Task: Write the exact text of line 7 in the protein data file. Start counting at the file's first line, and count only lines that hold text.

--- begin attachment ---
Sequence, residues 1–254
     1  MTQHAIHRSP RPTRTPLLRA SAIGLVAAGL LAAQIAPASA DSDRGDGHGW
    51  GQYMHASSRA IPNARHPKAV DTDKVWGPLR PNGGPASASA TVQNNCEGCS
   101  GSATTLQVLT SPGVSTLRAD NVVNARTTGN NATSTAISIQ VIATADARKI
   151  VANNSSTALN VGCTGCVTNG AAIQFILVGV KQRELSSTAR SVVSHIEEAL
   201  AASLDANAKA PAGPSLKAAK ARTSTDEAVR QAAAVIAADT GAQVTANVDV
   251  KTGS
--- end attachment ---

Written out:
   251  KTGS